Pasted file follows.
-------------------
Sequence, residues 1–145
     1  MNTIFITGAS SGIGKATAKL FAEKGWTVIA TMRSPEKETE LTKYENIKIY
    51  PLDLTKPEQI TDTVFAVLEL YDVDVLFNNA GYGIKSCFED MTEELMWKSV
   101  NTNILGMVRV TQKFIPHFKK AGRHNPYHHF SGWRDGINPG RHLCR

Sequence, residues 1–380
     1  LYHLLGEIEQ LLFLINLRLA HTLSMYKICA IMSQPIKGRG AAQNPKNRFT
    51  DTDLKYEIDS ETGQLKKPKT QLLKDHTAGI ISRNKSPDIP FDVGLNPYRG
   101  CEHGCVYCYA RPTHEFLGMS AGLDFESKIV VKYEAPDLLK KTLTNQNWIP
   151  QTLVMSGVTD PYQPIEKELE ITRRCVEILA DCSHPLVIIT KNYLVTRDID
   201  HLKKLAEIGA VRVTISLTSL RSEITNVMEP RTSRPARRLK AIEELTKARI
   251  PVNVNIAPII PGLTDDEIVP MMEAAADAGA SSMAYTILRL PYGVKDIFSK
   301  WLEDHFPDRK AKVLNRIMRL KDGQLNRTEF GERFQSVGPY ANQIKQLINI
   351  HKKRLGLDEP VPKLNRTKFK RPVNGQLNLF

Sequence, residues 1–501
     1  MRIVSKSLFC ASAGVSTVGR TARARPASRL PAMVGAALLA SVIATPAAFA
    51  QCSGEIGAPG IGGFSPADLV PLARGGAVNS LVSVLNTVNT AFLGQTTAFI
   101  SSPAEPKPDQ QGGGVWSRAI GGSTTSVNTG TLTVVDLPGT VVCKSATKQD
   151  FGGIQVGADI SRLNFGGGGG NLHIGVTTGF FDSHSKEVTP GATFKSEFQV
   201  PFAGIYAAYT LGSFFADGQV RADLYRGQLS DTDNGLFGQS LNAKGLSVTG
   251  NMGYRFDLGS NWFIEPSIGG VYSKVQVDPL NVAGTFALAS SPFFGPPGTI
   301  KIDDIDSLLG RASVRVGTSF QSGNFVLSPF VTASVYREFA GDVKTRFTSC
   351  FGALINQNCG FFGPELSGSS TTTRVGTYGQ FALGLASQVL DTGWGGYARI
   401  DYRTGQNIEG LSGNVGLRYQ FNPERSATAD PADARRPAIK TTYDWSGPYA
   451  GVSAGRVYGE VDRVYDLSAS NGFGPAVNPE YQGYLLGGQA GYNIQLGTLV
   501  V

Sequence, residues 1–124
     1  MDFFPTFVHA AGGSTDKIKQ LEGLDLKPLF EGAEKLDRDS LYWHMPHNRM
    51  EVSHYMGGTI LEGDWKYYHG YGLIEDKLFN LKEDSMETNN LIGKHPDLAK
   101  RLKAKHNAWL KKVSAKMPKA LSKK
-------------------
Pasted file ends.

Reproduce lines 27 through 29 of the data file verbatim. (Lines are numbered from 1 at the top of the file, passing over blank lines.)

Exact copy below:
     1  MDFFPTFVHA AGGSTDKIKQ LEGLDLKPLF EGAEKLDRDS LYWHMPHNRM
    51  EVSHYMGGTI LEGDWKYYHG YGLIEDKLFN LKEDSMETNN LIGKHPDLAK
   101  RLKAKHNAWL KKVSAKMPKA LSKK